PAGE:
Bouwers, the founder of the community upliftment initiative Guardians of the National Treasure, works closely with children from Lavender Hill.

The non-profit organisation (NPO) has launched several sporting and art clubs to provide a constructive outlet for children.

The Lavender Hill soccer teams have come out victorious at several tournaments despite only being established about two years ago.

But since president Cyril Ramaphosa’s decree to close schools to encourage social distancing, Bouwers says the community has been in a state of limbo.

“We have completely stopped everything; nothing is happening.

“I walked through the community yesterday and the kids were sitting in the courts. In every corner, I could see 10 to 20 kids just sitting.”

One of his main concerns is that vulnerable communities have not been educated and equipped to handle the outbreak.

“There’s been no way to prepare the communities with sanitisers and wipes. The only organisation that came to the party was Peninsula Schools Feeding Association which donated 500 loaves of bread and they sent that to lots of locations.”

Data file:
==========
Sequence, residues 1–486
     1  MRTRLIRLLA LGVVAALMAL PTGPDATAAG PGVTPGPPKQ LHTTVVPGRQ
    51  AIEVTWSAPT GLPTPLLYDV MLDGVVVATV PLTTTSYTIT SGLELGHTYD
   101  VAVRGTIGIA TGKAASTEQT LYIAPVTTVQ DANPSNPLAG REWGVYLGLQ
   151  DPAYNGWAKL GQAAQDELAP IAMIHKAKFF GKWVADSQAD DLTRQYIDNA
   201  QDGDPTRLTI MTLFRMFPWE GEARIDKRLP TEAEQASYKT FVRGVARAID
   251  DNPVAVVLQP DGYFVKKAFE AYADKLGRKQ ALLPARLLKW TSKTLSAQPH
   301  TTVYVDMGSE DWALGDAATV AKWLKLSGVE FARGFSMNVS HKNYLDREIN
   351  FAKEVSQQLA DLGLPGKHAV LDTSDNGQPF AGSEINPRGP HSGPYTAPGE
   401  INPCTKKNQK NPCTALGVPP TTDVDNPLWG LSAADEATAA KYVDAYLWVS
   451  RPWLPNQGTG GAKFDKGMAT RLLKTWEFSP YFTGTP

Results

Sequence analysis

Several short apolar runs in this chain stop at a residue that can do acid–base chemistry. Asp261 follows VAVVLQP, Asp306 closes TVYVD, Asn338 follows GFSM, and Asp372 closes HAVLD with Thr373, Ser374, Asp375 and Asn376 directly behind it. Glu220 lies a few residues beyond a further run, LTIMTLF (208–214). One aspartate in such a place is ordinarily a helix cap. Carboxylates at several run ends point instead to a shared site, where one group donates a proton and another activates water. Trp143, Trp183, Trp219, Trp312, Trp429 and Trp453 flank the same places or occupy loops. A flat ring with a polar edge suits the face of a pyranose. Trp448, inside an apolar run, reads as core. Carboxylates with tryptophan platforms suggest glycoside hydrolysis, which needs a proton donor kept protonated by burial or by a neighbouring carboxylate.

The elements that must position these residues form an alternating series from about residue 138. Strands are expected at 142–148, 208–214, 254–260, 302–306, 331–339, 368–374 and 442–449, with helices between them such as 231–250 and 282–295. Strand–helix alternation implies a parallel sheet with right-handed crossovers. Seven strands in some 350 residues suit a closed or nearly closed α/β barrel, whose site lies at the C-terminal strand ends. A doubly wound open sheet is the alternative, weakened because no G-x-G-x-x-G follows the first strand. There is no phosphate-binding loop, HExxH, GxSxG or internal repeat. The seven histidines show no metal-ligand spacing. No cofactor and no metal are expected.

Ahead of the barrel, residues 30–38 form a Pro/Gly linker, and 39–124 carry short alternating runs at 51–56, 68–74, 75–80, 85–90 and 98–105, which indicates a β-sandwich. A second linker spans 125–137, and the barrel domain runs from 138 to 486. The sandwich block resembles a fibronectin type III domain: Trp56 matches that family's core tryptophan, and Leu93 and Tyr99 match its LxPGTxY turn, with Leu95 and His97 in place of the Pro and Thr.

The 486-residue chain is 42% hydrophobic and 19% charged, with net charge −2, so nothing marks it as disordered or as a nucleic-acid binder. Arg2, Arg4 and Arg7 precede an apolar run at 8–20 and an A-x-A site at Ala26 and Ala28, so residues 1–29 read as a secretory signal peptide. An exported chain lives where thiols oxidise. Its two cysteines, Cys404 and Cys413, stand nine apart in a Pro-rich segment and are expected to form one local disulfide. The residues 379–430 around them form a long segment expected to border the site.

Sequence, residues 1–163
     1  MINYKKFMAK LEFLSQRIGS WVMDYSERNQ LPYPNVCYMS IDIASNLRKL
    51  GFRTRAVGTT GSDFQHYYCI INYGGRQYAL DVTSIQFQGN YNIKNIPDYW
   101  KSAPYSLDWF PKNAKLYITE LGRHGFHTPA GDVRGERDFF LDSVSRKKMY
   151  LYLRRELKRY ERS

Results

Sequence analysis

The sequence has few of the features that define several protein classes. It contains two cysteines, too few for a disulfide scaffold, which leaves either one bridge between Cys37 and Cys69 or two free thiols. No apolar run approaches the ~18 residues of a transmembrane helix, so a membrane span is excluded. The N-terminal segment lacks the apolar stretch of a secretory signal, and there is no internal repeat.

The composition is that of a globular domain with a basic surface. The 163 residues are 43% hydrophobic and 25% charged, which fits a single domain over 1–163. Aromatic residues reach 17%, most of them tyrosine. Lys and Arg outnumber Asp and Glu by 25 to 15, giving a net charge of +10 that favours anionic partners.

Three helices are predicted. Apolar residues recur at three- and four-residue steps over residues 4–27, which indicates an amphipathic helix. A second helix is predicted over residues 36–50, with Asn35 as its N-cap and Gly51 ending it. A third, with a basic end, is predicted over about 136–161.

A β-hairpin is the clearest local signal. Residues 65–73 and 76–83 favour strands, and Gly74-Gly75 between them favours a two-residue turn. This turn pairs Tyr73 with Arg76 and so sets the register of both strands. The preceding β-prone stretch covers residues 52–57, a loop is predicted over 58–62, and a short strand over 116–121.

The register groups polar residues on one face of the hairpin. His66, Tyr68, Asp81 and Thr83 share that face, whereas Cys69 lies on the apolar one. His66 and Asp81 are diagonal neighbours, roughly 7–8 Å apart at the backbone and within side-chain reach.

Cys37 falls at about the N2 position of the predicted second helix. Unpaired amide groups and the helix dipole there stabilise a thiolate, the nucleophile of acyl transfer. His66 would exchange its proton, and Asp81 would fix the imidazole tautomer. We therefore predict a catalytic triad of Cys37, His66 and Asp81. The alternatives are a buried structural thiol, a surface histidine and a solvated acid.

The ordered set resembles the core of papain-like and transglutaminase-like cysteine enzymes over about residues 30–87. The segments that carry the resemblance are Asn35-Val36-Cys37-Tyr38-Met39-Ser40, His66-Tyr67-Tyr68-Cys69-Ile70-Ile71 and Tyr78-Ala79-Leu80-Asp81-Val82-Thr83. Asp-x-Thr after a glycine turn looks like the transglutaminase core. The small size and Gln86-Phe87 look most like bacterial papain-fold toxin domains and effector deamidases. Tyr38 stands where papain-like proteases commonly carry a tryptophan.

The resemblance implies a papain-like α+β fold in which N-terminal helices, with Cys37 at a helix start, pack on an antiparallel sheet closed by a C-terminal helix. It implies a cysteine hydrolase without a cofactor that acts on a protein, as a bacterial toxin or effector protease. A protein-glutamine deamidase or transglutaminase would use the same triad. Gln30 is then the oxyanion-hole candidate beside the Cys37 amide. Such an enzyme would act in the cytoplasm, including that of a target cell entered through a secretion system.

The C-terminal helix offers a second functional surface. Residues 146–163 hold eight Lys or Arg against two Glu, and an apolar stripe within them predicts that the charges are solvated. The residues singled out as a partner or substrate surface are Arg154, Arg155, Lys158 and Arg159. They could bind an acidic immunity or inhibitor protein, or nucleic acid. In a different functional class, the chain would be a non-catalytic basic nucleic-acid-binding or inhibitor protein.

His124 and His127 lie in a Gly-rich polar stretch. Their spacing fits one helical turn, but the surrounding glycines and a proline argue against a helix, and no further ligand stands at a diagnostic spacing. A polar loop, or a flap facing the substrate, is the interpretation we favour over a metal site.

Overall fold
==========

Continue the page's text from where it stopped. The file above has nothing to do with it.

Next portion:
In addition to the lack of resources available to practice good hygiene, little social distancing is being practised in Lavender Hill, according to Bouwers.

“On certain days, I’ve seen about 60 kids just walking in the road,” he says.

“It has been recommended to wash your hands for 20 seconds but here they have to share a bowl to wash their hands.

“What’s happening is that the poor areas have been crippled.”

The solution, Bouwers recommends, is for relief organisations and NPOs to gather resources and to get knowledgeable people into vulnerable communities to educate residents in small groups.

He has also contacted various organisations in Cape Town to ask for assistance.

“We must shift support to where it is needed; in the areas lacking resources and townships.”

Guardians of the National Treasure will be distributing food it has received from supporting organisations to vulnerable communities.